I'd not considered how it might be for him.
"But perhaps he would welcome some simple company."
Or he'd figured out a few things since my last visit in '36 and wanted to have a word. But were that the case, Barrett would just turn up on the doorstep and punch my ticket.
"I'll go pay my respects."
There, a good comfortable phrase, somber and appropriate. It put a safe distance between myself and old heartbreak. Seven years late I would stand by a graveside, say a prayer, and lay flowers down. Seven years late, but better than never knowing what had happened to her.
I owed everything to Maureen Dumont. Everything. Her dark gift had saved me a dozen times over.
Paying respects wasn't enough, but nothing else was left.
Bobbi Smythe, my girlfriend, proved remarkably understanding about my attending the funeral of the only other woman I'd ever loved. I broke the news in her dressing room after her last set for the night, showing the telegram.
Part of me (there was a craven, petty coward tucked away in one of the darker corners of my skull) hoped Bobbi would get the jealous sulks and thus provide a reason to stay home. Instead, she offered to drive me to the station. I said I'd take a cab.
"And of course Charles and I will look after the club," she said reassuringly, smearing cold cream on her stage makeup and wiping it off with tissues.
Yeah, yeah, I knew that, but was glad she couldn't see my reflection in the mirror. I had a long face on. I could feel it.
"Take whatever time you need. You don't worry about anything here."
I knew that, too.
"Unless you want one of us along?"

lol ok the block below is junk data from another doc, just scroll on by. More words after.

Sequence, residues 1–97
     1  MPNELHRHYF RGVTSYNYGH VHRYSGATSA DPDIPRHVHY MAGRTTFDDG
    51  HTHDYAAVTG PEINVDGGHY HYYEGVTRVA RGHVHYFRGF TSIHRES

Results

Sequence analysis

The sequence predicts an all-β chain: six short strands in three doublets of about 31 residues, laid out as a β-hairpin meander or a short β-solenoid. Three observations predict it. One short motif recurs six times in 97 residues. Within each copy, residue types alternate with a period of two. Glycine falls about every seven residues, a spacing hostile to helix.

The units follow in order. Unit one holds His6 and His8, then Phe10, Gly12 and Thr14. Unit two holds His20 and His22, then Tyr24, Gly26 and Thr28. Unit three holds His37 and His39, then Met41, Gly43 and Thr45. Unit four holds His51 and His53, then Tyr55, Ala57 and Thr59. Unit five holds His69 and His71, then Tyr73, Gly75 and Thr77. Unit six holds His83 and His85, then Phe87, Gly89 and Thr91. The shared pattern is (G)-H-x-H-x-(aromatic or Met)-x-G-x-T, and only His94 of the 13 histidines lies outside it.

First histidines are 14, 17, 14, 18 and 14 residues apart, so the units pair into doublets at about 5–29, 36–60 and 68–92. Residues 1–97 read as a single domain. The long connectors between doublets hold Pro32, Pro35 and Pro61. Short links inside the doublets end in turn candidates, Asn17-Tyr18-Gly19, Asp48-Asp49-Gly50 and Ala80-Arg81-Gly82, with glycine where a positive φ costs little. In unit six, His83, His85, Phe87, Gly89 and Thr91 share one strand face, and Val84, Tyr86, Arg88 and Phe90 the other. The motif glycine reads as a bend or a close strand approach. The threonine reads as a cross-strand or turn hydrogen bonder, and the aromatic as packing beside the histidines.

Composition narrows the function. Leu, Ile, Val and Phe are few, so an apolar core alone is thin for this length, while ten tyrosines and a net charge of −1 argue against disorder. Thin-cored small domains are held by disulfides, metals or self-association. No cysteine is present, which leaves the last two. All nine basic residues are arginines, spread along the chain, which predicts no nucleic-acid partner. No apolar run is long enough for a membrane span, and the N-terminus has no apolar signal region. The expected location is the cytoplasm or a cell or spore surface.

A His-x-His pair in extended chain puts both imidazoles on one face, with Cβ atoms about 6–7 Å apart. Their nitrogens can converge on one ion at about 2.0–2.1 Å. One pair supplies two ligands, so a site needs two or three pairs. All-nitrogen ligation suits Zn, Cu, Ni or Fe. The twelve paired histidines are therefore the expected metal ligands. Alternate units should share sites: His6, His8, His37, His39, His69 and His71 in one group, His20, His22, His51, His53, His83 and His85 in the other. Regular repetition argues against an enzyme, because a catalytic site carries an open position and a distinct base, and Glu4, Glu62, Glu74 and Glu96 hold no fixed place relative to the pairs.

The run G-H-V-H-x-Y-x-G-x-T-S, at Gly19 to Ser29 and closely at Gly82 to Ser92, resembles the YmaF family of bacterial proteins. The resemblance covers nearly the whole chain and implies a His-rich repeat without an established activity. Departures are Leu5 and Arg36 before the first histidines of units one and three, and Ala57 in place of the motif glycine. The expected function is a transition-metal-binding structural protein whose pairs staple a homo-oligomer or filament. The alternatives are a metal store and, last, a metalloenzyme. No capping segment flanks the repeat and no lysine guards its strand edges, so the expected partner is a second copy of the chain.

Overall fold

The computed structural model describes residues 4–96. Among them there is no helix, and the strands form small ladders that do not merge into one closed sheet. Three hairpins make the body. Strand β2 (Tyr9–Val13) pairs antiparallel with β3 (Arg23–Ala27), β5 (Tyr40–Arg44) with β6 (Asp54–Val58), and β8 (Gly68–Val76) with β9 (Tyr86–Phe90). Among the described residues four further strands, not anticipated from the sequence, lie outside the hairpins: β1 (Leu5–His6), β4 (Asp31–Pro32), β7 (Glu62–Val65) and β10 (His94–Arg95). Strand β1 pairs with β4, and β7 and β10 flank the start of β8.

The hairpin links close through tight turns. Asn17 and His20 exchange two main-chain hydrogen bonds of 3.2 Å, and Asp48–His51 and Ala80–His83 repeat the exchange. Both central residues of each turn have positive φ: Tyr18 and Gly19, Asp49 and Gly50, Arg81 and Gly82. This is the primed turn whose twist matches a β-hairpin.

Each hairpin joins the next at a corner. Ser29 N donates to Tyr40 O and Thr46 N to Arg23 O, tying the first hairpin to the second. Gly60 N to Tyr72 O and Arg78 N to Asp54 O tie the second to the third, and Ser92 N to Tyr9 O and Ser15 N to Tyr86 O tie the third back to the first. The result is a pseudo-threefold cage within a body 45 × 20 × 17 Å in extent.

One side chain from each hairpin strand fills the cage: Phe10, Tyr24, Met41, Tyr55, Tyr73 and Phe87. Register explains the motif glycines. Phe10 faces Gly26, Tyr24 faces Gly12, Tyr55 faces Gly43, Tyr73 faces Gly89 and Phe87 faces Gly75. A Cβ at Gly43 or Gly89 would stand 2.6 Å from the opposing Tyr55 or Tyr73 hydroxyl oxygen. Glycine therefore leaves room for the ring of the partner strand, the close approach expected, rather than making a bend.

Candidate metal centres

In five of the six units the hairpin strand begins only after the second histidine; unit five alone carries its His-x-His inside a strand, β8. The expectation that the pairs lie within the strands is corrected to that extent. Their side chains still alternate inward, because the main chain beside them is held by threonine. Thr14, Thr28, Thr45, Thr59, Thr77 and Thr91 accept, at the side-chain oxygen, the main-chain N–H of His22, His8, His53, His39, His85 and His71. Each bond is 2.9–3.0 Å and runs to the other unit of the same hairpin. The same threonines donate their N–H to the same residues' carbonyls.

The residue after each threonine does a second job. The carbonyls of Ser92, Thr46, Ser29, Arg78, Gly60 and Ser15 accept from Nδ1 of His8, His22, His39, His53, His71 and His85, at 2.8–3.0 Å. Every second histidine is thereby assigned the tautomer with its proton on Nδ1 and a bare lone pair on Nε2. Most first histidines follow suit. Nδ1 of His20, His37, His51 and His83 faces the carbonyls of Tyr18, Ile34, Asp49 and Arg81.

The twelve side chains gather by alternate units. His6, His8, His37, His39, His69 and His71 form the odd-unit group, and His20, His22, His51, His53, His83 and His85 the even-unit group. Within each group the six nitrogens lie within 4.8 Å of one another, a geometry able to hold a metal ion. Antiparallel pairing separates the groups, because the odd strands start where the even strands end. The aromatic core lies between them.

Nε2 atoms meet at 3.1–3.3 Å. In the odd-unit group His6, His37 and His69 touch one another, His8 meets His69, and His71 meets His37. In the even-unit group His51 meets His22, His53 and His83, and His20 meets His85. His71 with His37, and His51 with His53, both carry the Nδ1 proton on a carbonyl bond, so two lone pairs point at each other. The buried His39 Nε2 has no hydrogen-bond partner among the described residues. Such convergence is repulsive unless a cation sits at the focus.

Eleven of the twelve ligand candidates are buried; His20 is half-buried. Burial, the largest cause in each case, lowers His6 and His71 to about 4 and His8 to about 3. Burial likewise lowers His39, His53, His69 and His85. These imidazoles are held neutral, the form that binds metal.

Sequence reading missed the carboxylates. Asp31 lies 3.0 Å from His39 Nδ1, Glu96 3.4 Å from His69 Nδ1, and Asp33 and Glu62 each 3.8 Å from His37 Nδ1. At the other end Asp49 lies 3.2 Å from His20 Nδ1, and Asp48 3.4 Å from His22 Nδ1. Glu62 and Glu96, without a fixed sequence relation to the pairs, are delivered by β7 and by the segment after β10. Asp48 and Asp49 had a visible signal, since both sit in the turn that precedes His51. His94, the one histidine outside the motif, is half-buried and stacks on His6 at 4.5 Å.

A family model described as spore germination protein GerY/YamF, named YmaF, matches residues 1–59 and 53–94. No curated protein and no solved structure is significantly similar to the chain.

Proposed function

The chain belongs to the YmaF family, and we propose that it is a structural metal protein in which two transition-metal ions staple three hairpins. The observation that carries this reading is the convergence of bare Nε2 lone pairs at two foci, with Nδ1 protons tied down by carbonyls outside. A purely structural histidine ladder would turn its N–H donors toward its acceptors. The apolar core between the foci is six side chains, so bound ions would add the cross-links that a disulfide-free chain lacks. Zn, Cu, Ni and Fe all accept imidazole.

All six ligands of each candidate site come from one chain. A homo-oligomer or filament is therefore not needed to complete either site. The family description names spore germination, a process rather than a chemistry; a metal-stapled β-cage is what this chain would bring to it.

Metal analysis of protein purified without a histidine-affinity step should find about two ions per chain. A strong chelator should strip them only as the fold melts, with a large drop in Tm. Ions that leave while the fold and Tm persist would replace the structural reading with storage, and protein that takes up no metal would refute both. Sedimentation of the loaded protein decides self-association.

"I'll be fine."
Company on the trip would have been good, but not for the funeral itself. This was something out of my past I had to settle for myself and then close the door. Instinct told me I had to do that one alone.
"If you're sure?"
"Yeah, baby. I'm sure." I sat and watched her ritual of putting on all-new makeup. She was drop dead gorgeous without it, but I kept that to myself. She liked her warpaint, and I liked watching her primp. It took my mind off what was to come on Long Island.
"You're the best, you know that?" I said.
She paused and glanced my way. Smiling. Oh, yeah. She knew it.
Travel is a little more complicated when you're a vampire, but not impossible.
That's right, vampire: bloodsucking, sleep-through-the-day Bela Lugosi stuff, only I don't wear a tuxedo if I can help it, and I don't own an opera cape.
Forget about bats and hypnosis, too. The former is myth, the latter a talent that's been burned out of me. I can vanish if I need to-and that's handy.
Especially when traveling.
To get to Long Island, I booked my light-proofed traveling trunk on the Twentieth Century Limited and shipped myself east. The easy part was wrestling the big, clumsy box out of the cab into the LaSalle Street Station and making sure it got on the right train. Then I had to give up being solid, slip unseen into the portable sanctuary that held my home earth, spare clothes, and a few magazines. After that, the hard part: waiting and trusting others to see to it that I reached my destination. After so much time of supervising every detail of running my club, I was too used to being in charge.